How To Host A Christmas Party Without Hemorrhaging Cash

Did you put your hand up to host the annual Christmas Banquet without realising just how generous an offer you’d made? A turkey big enough to feed your whole crew can cost upward of $80, and booze for the plum pudding alone can put you sorely out of pocket. Once you add presents, decorations, bags of ice (frozen water, guys) and all the trimmings to the bill you’ll find yourself staring into a pit of holiday debt (the worst kind of debt). It’s not impossible to do a Christmas party on the cheap, though. We’ve come up with some cash-saving ideas to prevent the most wonderful time of the year from running you destitute. You can track how your austerity measures add up by using AustralianSuper‘s Budget Planner.

The Food
Pot luck, mate. Don’t be too proud to delegate dishes to all your party goers: put Sally on dessert, Tom on salads and cranberry sauce, Harry on roast potatoes, the Campbell twins on snacks, and you can cover the pièce de résistance (ham, turkey or tofurkey if meat’s not your vibe). Also, if you’ve just moved into a new place and are low on basic kitchen essentials, ask everyone to bring an actual plate – because seriously who owns 12 dinner plates anyway?

If you do want the menu to be ALL YOU, however, space the Christmas shop out over a few days and different stores. Set a budget and stick to it. Don’t shop on an empty stomach. Steer well clear of the major chains unless you are taking advantage of miraculous in-store specials. Hit your local grocer for fruit and vegetables (or your nearest marketplace if the prices are right). Become mates with your local butcher for sweet deals too. Being mates with the local butcher is recommended at any time of year, actually. You’ll be giving our good independent retailers some cash for their own Christmas dinners while saving some for your Christmas presents! Win-win.

Think smart with your menu too. Whole roast eye fillet and rack of lamb are bloody amazing, but those tremendous cuts of meat will cost you dearly. A giant leg of ham is worth the investment because the payoff is awesome (leftovers can be used for toasties and, when you get right down to the bone, for split pea and ham soup). Surround your hero with salads (using seasonal ingredients), homemade condiments, pickles, cheese and bread. And remember, the really low quality crackers/bon-bons always have the best terrible jokes.

Q. Who delivers presents to cats?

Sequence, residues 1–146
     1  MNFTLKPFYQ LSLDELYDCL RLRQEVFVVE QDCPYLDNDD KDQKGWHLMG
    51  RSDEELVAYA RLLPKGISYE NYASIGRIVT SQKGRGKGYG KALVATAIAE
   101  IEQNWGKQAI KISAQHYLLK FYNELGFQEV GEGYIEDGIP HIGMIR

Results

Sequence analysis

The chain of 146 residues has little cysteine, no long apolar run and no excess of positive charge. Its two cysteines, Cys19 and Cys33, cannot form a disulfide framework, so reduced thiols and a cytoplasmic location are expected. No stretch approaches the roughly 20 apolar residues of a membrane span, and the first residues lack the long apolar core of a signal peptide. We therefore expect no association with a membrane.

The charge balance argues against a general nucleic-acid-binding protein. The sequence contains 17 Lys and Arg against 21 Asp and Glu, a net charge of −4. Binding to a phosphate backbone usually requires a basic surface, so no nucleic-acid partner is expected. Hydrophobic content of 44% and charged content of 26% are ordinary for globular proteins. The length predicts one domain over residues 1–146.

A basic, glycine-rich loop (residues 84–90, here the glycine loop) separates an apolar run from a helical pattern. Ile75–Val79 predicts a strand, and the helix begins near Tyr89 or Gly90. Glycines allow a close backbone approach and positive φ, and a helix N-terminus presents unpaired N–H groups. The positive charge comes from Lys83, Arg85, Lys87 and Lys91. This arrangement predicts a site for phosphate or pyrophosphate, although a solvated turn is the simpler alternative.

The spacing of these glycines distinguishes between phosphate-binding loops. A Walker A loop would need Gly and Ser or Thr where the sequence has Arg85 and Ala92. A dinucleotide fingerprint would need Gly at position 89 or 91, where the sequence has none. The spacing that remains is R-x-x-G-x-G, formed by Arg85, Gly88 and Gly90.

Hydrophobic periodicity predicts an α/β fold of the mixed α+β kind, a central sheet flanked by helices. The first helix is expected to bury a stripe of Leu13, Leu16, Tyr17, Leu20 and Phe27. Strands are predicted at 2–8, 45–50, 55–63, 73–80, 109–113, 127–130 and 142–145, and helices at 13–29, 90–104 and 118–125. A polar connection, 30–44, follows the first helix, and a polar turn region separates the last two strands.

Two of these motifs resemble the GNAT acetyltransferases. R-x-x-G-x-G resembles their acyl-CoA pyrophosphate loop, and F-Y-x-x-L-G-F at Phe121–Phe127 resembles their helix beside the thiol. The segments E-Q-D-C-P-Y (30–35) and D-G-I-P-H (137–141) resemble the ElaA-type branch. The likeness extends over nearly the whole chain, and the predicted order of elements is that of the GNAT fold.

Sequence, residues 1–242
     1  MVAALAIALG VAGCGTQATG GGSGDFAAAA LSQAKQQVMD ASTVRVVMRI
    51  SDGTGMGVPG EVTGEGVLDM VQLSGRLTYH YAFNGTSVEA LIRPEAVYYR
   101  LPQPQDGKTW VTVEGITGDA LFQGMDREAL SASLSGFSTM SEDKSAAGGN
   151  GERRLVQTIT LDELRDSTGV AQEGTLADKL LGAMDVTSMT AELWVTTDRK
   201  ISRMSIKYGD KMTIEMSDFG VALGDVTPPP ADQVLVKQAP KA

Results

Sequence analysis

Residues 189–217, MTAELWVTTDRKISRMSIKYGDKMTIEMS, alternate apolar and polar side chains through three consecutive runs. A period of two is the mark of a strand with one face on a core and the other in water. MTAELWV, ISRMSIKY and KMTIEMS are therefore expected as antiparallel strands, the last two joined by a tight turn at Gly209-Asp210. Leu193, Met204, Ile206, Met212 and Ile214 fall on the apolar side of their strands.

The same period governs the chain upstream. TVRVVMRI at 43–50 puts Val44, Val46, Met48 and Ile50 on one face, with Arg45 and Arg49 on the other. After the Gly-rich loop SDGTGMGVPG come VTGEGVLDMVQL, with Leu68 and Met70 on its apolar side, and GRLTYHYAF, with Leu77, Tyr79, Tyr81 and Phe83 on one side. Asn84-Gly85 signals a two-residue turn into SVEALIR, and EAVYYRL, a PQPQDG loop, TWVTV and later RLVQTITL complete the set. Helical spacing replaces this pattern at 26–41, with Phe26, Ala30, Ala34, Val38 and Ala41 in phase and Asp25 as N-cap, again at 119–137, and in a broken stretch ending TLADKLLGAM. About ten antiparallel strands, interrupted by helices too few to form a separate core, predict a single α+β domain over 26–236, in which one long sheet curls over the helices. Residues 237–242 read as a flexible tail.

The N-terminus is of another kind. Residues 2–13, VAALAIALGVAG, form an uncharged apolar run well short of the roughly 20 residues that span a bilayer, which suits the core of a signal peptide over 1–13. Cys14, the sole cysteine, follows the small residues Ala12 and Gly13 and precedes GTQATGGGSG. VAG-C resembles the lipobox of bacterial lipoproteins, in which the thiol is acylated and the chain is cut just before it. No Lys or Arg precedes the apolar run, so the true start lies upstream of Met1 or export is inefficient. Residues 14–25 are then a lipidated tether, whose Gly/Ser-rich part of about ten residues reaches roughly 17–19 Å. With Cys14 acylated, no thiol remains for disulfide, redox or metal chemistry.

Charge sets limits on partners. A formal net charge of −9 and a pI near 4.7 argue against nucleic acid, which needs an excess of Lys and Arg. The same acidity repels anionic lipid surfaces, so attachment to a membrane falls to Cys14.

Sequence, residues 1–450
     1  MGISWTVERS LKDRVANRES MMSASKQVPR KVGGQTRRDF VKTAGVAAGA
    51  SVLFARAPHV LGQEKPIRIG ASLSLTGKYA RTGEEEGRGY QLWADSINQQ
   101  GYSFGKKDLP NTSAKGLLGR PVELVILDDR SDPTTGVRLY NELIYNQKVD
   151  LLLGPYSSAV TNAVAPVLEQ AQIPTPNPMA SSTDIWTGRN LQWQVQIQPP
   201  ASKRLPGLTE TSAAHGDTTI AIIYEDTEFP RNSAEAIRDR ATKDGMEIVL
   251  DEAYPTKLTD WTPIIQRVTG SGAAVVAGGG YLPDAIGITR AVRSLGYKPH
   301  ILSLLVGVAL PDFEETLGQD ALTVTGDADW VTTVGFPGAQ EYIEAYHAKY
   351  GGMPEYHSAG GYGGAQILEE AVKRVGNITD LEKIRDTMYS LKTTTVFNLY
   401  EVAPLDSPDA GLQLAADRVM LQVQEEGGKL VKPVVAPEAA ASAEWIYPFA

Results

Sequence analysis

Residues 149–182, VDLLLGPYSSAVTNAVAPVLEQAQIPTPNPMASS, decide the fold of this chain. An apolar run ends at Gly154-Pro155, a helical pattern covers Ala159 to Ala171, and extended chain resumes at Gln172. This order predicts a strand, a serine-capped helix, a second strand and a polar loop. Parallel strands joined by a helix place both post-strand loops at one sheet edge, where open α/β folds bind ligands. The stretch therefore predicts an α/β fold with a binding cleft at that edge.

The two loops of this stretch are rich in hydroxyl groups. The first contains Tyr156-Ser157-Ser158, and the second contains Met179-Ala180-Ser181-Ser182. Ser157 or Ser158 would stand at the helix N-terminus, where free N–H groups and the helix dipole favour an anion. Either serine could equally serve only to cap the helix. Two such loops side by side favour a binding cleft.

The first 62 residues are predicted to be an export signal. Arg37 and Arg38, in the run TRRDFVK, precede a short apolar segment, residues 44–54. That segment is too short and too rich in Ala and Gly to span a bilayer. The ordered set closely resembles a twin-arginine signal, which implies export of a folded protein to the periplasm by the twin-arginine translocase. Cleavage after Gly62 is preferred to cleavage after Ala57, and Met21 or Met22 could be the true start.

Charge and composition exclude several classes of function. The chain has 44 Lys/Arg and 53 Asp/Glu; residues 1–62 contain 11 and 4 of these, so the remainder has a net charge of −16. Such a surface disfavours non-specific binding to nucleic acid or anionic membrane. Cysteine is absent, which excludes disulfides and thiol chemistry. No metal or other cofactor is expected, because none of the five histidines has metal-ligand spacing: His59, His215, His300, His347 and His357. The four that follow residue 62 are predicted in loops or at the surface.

A. Santa Paws!


The Drinks
Sipping fine French champagne on Christmas Day is terrific, but NOT sipping French champagne is totally fine too. There’s nothing wrong with repping your hometown brew (much more affordable on a per-sixer and per-case basis than their imported counterparts) and you’ll feel Australian as heck watching your mates playing backyard cricket while necking an Emu Bitter. When buying wine, it’s generally a lot cheaper to buy several bottles en masse. When buying bottles in a case the per-bottle price can be surprisingly lower than buying individual bottles. Selected liquor stores also knock off a percentage of the price when you buy bottles in a box of six, so make the most of those opportunities.

Think about when and where you’re getting your booze too. The barn-sized retailers tend to offer far more competitive prices on all booze than the bottle-o around the corner. Buy it a week or at least a few days before Christmas so you can properly refrigerate it before the main event. This will also help you save money on ice.

Punch is a great drinks option for cheapskates. You can easily disguise a bottom shelf spirit or rock bottom sparkling with a tasty concoction of ginger ale, juice, fresh fruit, mint and whatever else you want to chuck in. Tropical.

The Decorations
Don’t shill out for shameful snowflake-themed decor most likely crafted by underpaid youths in the Third World. Get crafty instead. Cover your table in butcher’s paper, lay down some red napkins and a few bunches of Christmas bush (it looks rad and is terrifically affordable). If glamour is your jam, paint sticks gold = bling. Chuck a few felt tip pens on the table and encourage creativity. Recall the halcyon days of kindergarten by recycling old newspapers by cutting them into snowflakes, and if you have a pine tree out back work your magic on those pine cones. Remember, your table is there for the food so keep it simple. The less you’ve got on there the better.

As for tree decorations, all you need is a printer, the interwebs and your imagination. Or googly eyes. Everyone with a heart loves googly eyes. Check our topical #YEWltide office tree baubles for some inspo:

The Presents
Christmas is the time for family, appreciating how lucky you are, celebrating the birth of Jesus Christ gifts. Get crafty once again and make your friends some
homemade cards, soap, Nicolas Cage morph suits, etc, or organise a
Secret Santa so you only need to make one of these things. If you’re not the crafty type, check out our guide to presents with a $30 ceiling. And don’t forget about the almighty IOU. A half hour massage? Great gift. 4 hours of babysitting? You’re some kind of saint. Offer your unique skills for future use as a gift; it costs you nothing.

The Entertainment
For the ultimate Australian backyard Christmas on a budget, make sure you’re equipped with the following:

  • a cricket set – or a wheelie bin, some sort of fence paling and ball;
  • a frisbee – try a plastic dinner plate or five paper plates taped together in lieu of actual frisbee;
  • a bocce set – or a bunch of tennis balls filled with water and a golf ball;
  • a slip and slide – or tarp and some washing detergent;
  • a drunk uncle – can be substituted for a drunk cousin, neighbour or self.

Don’t forget to also con a friend into dressing up like Santa for the entirety of the day.